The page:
Two major bills in the Legislature deal with the fast-growing train shipment of volatile North Dakota crude oil through Washington. Both have good elements, but the version backed by Gov. Jay Inslee in the Democrat-controlled House is better than what the Republican-led Senate has been willing to support.
Inslee’s proposal, sponsored by Democratic Rep. Jessyn Farrell of Seattle, builds on recommendations from a study conducted by the Department of Ecology at the request of the Legislature.
Inslee and Farrell want shippers and refiners to give advance notice to the Department of Ecology when they transfer oil between such facilities as refineries, pipelines, railroads and ships. House Bill 1449 also lets the state require tug escorts for oil shipments over water.
In the Senate, Republican Sen. Doug Ericksen of Ferndale has proposed $10 million to help local firefighters and emergency crews prepare for spills by acquiring safety equipment. But Ericksen’s Senate Bill 5057 falls short. It doesn’t require information disclosures that could help first-responders better assess local risks and refine responses after spills.
Rail tanker traffic has soared since 2011 as oil fracking in North Dakota dramatically opened a new domestic supply of oil. Despite industry assurances it’s still unclear how well Washington is prepared for accidents involving explosive Bakken crude or heavy tar sands oil from Canada.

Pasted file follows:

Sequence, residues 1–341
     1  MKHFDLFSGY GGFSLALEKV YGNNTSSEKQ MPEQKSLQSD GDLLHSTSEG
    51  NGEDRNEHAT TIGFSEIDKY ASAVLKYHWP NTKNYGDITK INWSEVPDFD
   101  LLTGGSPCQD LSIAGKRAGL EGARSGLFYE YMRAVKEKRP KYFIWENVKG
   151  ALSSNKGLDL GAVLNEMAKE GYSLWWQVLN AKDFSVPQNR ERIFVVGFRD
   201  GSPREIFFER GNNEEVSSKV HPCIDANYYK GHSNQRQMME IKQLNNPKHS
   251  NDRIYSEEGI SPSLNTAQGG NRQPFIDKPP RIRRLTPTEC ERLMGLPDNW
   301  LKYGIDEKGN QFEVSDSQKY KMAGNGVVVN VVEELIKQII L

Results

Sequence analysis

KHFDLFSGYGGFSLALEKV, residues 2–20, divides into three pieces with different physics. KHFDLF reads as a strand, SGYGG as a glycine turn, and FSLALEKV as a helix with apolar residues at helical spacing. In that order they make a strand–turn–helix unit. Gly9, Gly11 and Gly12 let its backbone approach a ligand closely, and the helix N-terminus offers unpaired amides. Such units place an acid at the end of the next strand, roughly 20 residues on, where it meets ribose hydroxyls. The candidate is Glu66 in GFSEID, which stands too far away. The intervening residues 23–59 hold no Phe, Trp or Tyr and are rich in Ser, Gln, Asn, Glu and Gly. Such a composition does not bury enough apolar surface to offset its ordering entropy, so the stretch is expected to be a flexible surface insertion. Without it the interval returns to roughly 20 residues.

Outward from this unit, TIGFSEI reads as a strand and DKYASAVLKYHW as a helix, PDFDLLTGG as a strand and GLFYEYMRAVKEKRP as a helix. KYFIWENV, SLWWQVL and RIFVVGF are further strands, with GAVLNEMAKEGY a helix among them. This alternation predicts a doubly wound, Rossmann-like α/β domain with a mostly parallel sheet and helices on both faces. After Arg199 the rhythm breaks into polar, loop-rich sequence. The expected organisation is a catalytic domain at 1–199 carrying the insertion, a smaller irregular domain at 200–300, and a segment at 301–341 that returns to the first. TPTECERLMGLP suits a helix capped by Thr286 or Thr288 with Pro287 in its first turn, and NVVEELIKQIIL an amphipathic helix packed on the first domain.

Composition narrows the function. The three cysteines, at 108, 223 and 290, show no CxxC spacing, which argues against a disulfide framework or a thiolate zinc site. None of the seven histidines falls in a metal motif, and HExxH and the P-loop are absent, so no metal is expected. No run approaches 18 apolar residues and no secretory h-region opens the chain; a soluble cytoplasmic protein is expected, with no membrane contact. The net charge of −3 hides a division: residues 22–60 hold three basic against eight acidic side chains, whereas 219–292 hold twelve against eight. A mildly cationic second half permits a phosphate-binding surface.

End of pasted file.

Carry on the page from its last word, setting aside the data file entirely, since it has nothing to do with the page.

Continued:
About 19 fully loaded trains each with at least 100 tankers full of Bakken crude move across the state every week. Proposals to ship oil from Grays Harbor and the Columbia River to other coastal harbors are pending regulatory approval.
Better disclosure of oil shipments to state regulators and emergency responders lets emergency crews and local fire departments prepare adequately for the worst. An oil spill in November discovered at a refinery in Ferndale serves as a small but fresh reminder there are gaps in information sharing between industry and regulators. The spill of 1,611 gallons of crude was not disclosed to state regulators for a month despite a routine report by Burlington Northern Santa Fe Railway to federal regulators. The spill could have occurred anywhere along the train’s 1,200 mile route from North Dakota, according to a McClatchy Newspapers report.
The rival legislative proposals have many elements that matter. Both slap a fee on every barrel of oil transported by rail in Washington to help pay for cleanups from spills that are inevitable under current rules. Ericksen extends an existing 4 cent per barrel fee now collected on tanker shipments and pipelines to include rail, and he deserves credit for that move. Inslee would raise the fee to 10 cents.
Inslee’s plan has money for regional response plans prepared by Ecology. Ericksen, who is leery of giving authority to Ecology, wants private contractors to prepare many of those plans then have the Legislature review them. Inslee also wants to require shippers such as railroads to show they have insurance to cover spill-damage costs.
There are other proposals affecting private rail crossings in cities and the authority of state inspectors to inspect rail tankers at refineries.
Regulatory steps that have teeth are urgently needed, especially as federal agencies dither in adopting new rules for safer oil-tanker design.